Galapagos Field Report

February 2007

Rafael Correa: Ecuador elects its 8th President in the Last Ten Years

What is the impact of the elections for the Galapagos Islands? Well, many people are not aware of the fact that Ecuadorian politics and instability over the last 10 years have had a direct and indirect influence on the instability that has plagued the Galapagos Islands.

Last year, we saw a glimpse of hope of a return to stability with the historic decision by Ana Alban, Ecuador's Minister of the Environment, to elect not only the first woman, Biologist Raquel Molina, to the top position of the Galapagos National Park but to do so with transparency and merit. All Galapagos National Park directors prior to Biologist Molina were appointed, not elected. Therefore, the Galapagos Islands, due to political turmoil, had 12 different directors in just 2 years. The real test of stability was to see if this Director would survive a new Presidential election. (Refer to:

The 8th President of Ecuador in just 10 years, Rafael Correa, is a young and energetic 43-year-old economist and father of three, who speaks fluent English, French, and Quechua, an indigenous language learned while volunteering. He is appointing seven women as ministers including a historic first-ever woman as Minister of Defense. The fact that he has elected to keep the current environmental minister, Ana Alban, should ensure that the current Galapagos National Park Director stays in her position, and thus, is allowed to further stabilize the national park as an institution of authority responsible for one of the most unique and fragile natural systems on this planet.

Ecuador's newly elected President Rafael Correa with Lenyn Betamcourt,
Sea Shepherd's Manager of Research & Education in the Galapagos Islands

President Correa is a modern leftist who is seeking a referendum to rewrite the constitution and restructure the Ecuadorian Congress. The results, if successful, would theoretically help reduce the corruption that has plagued Ecuador in the past. His strong stance against corruption is needed in order to ensure local government integrity in the Galapagos Islands. "Corruption at different levels is at the root of the lack of legal decisions against poaching, and stronger sanctions are needed to create legal deterrents necessary to prevent crimes against nature in the Galapagos," states Sea Shepherd Galapagos Director Sean O'Hearn-Gimenez.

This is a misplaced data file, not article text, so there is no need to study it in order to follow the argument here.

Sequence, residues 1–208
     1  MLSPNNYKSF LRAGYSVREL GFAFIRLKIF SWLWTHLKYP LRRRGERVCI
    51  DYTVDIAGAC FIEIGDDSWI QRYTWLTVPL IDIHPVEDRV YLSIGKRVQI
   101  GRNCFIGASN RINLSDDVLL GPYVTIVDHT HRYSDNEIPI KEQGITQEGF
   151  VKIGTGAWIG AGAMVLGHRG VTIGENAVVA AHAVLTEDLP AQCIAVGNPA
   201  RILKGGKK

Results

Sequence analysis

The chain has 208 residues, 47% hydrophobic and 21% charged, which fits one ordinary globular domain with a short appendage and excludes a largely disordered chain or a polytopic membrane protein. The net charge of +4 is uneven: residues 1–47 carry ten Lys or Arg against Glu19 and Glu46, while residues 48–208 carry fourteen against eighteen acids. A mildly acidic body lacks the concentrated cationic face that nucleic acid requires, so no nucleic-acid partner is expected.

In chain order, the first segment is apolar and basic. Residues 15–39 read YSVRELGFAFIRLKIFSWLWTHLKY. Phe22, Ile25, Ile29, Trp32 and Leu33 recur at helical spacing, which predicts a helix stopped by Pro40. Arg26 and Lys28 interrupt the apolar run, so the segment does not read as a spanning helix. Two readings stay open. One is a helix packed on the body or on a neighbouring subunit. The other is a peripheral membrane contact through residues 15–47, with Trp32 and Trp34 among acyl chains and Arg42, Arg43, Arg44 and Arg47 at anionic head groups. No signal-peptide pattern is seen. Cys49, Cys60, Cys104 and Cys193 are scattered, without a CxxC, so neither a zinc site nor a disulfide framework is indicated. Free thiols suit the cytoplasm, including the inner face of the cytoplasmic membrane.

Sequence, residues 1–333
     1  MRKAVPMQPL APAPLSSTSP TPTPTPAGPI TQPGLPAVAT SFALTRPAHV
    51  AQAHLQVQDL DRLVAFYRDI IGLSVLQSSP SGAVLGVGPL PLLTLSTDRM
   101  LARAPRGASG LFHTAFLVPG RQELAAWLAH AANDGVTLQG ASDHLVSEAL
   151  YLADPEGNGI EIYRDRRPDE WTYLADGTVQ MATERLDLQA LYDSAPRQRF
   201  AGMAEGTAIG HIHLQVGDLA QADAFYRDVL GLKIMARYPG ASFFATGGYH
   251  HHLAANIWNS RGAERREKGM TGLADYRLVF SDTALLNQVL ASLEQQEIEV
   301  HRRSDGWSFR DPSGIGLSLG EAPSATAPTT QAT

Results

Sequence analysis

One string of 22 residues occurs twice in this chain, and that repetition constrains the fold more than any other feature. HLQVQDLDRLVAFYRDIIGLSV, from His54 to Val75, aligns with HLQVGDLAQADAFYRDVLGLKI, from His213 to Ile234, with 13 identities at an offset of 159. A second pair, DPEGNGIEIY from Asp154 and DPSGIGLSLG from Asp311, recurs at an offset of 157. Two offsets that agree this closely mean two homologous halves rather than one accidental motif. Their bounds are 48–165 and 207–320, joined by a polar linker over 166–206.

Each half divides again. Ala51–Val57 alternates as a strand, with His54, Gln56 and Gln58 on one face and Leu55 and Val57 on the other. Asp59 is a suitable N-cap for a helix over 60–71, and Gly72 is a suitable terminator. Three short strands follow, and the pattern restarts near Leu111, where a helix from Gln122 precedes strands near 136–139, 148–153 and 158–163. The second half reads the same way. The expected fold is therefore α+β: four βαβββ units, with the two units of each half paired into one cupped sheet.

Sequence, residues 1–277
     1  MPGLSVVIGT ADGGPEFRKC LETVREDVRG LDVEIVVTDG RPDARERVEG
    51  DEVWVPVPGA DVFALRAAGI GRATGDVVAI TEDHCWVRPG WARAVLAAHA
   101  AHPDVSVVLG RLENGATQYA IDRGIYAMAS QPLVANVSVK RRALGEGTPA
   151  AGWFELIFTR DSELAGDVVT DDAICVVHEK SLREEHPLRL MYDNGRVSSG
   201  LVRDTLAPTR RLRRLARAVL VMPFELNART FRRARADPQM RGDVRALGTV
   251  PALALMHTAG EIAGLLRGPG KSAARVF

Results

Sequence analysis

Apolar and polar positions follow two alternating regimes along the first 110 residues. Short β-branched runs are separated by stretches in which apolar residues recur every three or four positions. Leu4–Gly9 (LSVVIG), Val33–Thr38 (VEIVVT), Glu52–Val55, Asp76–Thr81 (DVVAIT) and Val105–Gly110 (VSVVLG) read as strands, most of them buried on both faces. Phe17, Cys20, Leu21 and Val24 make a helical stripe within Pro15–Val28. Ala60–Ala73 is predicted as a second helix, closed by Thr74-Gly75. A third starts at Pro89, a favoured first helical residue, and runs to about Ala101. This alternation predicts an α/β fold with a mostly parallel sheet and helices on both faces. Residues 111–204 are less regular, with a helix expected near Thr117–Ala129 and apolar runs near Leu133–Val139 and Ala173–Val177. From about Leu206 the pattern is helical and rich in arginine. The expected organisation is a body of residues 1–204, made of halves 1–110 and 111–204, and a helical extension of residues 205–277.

President Correa showed a strong stance against Columbia's use of a strong chemical product on the Ecuadorian-Columbian border stating that it is destroying Ecuadorian ecosystems. He also took a strong position against the exploration and exploitation of oil within indigenous territories. In a recent interview by renowned Ecuadorian talk show host, Freddy Ehlers, he responded to a question about his position on Ecuador's natural resources stating, "...I was an environmental economics professor and know very well how important the environment is to the future of Ecuador." He further stated that he recognizes the lack of funding towards the national parks, and he is intent on strengthening the national park system. President Correa mentioned that he was embarrassed by the fact that the Miss Universe contest in Ecuador cost 14 million dollars yet the national parks received just over 2 million dollars. He reminded, "...each and every Ecuadorian to protect the environment because it is precious and therein lies our future." (Source: Freddy Ehlers Interview on LaTV